I feel as if the people who just want this item labeled so we can avoid it, because we should have a choice, are now being railroaded by big politics. Mr. Roth did not achieve success to the tune of $100′s of millions of dollars for being a nice guy. Like anyone who makes that kind of money they will do WHATEVER it takes to keep it coming. Give the people the choice!

  • Chris
  • March 30, 2012
  • 10:11 am

As one of those internet vandals I must respond. I am grateful to finally feel I have an outlet for my voice, my OUTRAGE at how American corporations are treating the American public with such complete disdain. They make other, healthier/safer versions of products for the rest of the world- but here- we get the worst of the worst because our politicians/gov’t bend over for the hand that feeds them- not the one that votes them into office..
The FDA approved the product at a higher pH than is currently being used- due to customer complaints about the ammonia smell (which they thought was contamination as there was no ammonia on the label) the amount of ammonia being used was lowered and is no longer the level at which the process was approved. That is a problem for me. Second- the process is from 2001, according to public statements by the BPI head, not 20 years ago. Also- how would we know if there were issues stemming from the consumption of the product- As it isn’t labeled no one knows when or if they have consumed it so no finger CAN be pointed.. convenient.
I have been voting with my dollars as well. We purchase almost nothing from the big corporations any more. No soda. Our dairy consumption is minimal now. We only buy grass fed organic proteins, lunchmeat is no longer something I purchase due to pink slime concerns and we read the crap out of the label on any processed items we do buy- nutrition is my hobby and I am Stanford alumnus. I am not going to have the wool pulled over my eyes by a lobbyist led gov’t any more. The corporations are in bed with the gov’t- it is obvious, and I am not going to support it with my hard earned money. No we are not wealthy, we scrimp elsewhere because it has saved my health eating this way- and I have lost 95 pounds!

  • Michael Bulger
  • March 30, 2012
  • 10:20 am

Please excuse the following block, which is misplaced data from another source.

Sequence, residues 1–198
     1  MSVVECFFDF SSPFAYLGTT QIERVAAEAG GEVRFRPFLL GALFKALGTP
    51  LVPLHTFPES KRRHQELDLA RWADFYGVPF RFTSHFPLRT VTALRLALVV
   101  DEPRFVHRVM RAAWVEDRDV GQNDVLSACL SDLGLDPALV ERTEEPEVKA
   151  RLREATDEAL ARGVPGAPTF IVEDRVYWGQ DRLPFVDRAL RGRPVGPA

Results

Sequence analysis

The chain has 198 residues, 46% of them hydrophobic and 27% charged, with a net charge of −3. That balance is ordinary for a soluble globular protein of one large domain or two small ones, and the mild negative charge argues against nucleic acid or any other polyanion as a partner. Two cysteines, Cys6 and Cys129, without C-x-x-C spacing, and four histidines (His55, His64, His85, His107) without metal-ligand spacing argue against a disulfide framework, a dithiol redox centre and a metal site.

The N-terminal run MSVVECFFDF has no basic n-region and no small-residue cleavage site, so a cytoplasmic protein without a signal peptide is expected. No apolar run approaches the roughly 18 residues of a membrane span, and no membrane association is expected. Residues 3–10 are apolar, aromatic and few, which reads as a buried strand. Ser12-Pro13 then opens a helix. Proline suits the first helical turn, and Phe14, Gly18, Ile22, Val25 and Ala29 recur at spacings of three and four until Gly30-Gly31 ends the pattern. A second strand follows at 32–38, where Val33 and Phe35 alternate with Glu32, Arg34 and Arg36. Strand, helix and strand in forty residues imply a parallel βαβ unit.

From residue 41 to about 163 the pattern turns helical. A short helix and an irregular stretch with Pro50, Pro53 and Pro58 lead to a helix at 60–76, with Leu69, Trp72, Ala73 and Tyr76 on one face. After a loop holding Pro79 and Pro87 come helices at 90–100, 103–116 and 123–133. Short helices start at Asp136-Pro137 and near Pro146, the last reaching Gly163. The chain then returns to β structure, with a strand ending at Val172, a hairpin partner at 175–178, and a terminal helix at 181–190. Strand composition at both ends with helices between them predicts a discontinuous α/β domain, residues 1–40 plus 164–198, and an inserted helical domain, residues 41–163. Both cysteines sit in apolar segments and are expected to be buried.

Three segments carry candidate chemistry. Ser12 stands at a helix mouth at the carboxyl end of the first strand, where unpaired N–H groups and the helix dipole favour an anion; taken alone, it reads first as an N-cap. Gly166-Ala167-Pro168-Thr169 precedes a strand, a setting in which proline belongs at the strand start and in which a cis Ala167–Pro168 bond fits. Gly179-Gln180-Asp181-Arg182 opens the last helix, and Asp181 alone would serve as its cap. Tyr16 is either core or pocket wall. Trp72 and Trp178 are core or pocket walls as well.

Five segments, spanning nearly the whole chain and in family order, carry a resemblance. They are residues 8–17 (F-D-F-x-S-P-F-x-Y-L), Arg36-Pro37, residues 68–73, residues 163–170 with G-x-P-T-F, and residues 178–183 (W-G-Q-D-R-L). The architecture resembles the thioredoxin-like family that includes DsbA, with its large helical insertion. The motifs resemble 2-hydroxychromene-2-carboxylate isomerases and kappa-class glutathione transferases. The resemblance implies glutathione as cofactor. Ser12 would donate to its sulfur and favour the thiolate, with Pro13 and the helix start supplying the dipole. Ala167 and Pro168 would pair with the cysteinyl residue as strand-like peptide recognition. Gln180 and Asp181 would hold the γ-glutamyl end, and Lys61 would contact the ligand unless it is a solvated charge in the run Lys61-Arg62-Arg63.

I can’t help but take issue with the food safety card being played on BPI’s behalf.

To my understanding, these trimmings were previously kept out of the human food supply. The trimmings are also known to be more vulnerable to contamination.

BPI found a way to make more money off of these trimmings. They could treat them with ammonia and sell them for ground beef patties. The treatment brought the trimmings closer to normal ground beef safety levels, but as BPI said in the NYTimes, they “are not perfect.”

If the ammonia treatment is improving the safety of LFTB, it is still not going to effect the food safety of ground beef patties. To repeat an assertion I made previously, dropping a tablespoon pasteurized milk into a glass of raw milk doesn’t improve the safety of the glass. The same holds true for the ground beef supply, as I think we can all be assured the AMI intends for us to “drink the whole glass”, if you will.

Ammoniated LFTB in ground beef patties is about BPI making more money off of hazardous trimmings. It is not about reducing illness.

As I will be saying, “Dude, it’s raw ground beef.” Cook thoroughly.

I get that it’s beef…but my main concern is the ammonia treatment. It’s tough because when you’re producing beef on this kind of scale, it requires safety measures be taken, not always to the consumer benefit. If consumers want cheap beef and don’t mind ammonia, that’s their choice, but label it as they have a right to know what’s going into their bodies. This is fuel for the local, small farm movement, so the industry can respond or they can lose market share. In the age of social media, you can’t just throw millions of dollars at media outlets anymore, and people aren’t going to share industry garble from lobbyists either.

  • Chuck
  • March 30, 2012
  • 10:37 am

Marion, with all due respect, would you drop the inflammatory ‘pink slime’ reference?. As a highly respected academic, shouldn’t you stay away from word bombs?

The five governors who are part of this lobbying effort to spruce-up the image of pink slime filler represent the four states (Texas, Iowa, Kansas, Nebraska) where BPI operates plants, and the state(South Dakota) in which BPI is headquartered.